For many middle-schoolers, finding a sense of belonging is difficult. Developing relationships with classmates and adjusting to new behavioral norms in secondary education settings can hinder belonging. School structures also play an important role in facilitating belonging, through policies, class sizes, and extracurricular activities.
A recent BYU paper identifies school lunchtime as an important – yet underutilized – opportunity to build belonging among middle-school students. The research indicates that students who enjoy lunchtime are more likely to feel that they belong at school; which is correlated with better academic outcomes and better mental health. Researchers say implementing intentional lunchtime activities can bolster students’ sense of belonging.
“Teachers often think of lunchtime as ‘off time’ but students don’t necessarily view it that way,” said Dr. Erin Feinauer Whiting, BYU associate professor of multicultural education in the McKay School of Education and lead author of the study. “School lunchtime isn’t curricular time, but it is a central part of the hidden curriculum.”
The research, published in the Journal of Community Psychology, surveyed over 800 middle school students in Utah. Students responded to prompts about how much they felt a sense of belonging, indicated which activities they liked and disliked doing during lunch, and answered questions about their favorite and least favorite parts of the school day. The results showed five naturally occurring profiles of students based on their preferences for lunch activities:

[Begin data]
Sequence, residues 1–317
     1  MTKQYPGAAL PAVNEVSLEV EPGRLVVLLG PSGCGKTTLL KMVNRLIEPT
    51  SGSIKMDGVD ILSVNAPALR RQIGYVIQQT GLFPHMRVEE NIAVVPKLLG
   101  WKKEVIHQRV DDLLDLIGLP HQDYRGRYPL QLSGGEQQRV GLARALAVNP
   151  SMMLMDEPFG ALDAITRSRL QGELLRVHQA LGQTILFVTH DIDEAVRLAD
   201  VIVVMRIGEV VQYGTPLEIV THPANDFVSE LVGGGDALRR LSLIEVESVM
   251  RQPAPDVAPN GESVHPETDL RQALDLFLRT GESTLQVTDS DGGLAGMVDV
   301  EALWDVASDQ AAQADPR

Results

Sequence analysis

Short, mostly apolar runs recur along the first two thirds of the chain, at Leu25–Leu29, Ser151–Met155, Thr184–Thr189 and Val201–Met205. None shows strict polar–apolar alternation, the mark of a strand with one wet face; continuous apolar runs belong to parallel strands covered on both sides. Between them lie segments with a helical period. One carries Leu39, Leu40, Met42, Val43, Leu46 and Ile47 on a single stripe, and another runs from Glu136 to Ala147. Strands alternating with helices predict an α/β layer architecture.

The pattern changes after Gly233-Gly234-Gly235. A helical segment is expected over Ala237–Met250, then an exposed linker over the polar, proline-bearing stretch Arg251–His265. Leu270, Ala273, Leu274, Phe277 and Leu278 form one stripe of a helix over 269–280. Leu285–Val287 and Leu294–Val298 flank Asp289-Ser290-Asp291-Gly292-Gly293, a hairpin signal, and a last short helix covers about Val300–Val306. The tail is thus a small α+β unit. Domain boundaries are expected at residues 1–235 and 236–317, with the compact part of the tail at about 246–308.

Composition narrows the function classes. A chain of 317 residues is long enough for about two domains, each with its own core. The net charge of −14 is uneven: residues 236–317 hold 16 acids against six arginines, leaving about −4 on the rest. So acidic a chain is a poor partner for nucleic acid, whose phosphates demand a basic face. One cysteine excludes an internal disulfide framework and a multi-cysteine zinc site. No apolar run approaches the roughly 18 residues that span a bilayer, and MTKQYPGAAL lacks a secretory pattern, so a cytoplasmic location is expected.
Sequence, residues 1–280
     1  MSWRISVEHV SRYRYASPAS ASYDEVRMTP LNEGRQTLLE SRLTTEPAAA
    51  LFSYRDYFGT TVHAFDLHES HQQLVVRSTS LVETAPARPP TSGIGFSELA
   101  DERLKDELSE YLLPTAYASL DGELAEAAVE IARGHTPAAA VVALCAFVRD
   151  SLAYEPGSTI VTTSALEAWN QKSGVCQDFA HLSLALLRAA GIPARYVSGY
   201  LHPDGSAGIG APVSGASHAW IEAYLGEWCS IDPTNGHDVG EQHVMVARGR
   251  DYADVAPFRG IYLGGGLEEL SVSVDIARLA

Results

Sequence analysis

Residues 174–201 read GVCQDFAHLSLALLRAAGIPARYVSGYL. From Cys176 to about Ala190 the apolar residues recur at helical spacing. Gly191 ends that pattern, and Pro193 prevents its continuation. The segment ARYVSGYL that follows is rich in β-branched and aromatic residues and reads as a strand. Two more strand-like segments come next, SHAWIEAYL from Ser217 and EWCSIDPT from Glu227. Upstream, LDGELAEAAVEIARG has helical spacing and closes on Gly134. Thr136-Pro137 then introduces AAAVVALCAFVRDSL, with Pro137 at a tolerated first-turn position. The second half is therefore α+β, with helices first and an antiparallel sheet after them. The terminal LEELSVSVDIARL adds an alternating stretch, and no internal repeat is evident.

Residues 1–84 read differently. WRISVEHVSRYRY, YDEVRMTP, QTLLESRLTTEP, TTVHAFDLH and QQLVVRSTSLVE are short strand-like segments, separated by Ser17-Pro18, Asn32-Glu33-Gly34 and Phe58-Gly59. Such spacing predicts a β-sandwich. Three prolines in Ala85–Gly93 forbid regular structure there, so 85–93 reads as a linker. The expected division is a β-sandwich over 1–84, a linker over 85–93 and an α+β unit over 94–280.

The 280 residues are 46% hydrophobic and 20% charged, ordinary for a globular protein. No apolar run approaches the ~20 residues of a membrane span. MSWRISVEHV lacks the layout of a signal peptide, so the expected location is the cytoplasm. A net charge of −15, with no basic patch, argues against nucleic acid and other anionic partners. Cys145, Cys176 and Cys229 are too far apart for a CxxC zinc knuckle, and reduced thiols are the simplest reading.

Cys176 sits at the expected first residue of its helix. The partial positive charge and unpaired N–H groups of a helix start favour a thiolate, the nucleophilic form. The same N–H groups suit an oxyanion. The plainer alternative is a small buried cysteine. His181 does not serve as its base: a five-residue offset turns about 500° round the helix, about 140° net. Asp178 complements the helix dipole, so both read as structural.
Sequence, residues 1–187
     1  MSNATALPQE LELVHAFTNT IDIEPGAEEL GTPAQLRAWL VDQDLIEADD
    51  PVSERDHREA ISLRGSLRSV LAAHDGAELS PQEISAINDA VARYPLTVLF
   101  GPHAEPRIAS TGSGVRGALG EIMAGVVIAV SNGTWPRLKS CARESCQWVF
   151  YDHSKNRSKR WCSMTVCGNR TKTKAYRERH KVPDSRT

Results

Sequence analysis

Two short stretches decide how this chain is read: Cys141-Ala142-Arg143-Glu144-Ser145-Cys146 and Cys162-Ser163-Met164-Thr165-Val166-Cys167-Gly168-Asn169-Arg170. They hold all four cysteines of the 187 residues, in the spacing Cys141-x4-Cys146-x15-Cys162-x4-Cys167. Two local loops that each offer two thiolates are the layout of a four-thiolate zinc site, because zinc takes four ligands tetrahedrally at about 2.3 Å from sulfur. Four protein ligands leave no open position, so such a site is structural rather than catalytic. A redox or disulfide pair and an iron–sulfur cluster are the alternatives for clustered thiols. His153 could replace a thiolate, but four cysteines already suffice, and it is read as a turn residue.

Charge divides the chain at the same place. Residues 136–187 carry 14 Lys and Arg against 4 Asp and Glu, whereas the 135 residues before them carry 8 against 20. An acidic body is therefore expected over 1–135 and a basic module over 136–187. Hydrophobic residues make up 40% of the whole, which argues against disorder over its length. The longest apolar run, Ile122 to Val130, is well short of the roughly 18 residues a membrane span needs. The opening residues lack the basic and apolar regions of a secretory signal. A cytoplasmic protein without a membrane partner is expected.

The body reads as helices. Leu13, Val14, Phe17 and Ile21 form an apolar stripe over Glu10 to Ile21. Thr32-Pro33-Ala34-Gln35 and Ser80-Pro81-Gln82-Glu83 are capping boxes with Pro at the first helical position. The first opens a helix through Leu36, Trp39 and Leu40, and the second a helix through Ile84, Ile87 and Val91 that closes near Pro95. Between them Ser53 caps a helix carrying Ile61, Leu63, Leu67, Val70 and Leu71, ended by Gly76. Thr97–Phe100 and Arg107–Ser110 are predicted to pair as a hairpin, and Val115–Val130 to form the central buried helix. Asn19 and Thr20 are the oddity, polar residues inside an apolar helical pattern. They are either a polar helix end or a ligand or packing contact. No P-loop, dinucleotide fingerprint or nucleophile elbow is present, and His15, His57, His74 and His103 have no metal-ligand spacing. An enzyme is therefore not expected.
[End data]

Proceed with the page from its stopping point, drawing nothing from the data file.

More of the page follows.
- Non-active. Students who selected few activities they liked or disliked participating in during lunch.
- No goof-off. Students who dislike goofing off or messing around during lunch.
- Studious. Students who like to read a book or finish homework at lunch.
- No lunch friends. Students who are unsure what to do or dislike lunch because they feel that they don’t have lunch friends.
- Active. Students who use lunchtime to go outside, be active, goof off, and talk to friends.
Unsurprisingly, students who were active with friends during lunch were more likely to experience a higher sense of belonging while at school. Students who didn’t enjoy lunchtime (non-active, no lunch friends) had a lower sense of belonging. Researchers say there’s an opportunity for schools to provide some structure to the lunch hour to help more students find connections to school.
“For many students, the unstructured part of lunch is needed. For others, lunchtime is accompanied by social anxiety, uncertainty, or even bullying,” said Whiting. “Teachers can look for ways to provide spaces for students who prefer quieter activities or chances to study. There are all kinds of things a school can do, but often they’re just not thinking about it for the potential it can have.”
Whiting is quick to point out that lunchtime shouldn’t become an extra task or burden for teachers, who are already doing herculean work shepherding students through some of their most trying years. But schools can be creative, especially in considering ways to support students who may not already find lunchtime to be a supportive space in school. For example, offering semi-structured lunchtime activities like an occasional celebration or small lunch groups that are led by students or adults could be valuable to build and strengthen the school community and improve the experiences of students at school.
“The opportunities to add targeted, structured activities during lunch will likely be different from school to school,” said Whiting, noting that each school is responsible for addressing the unique concerns of its students. “Our finding that loving lunchtime is consistently positively related to students’ sense of belonging underscores the importance of facilitating meaningful and integrated lunchtime experiences.”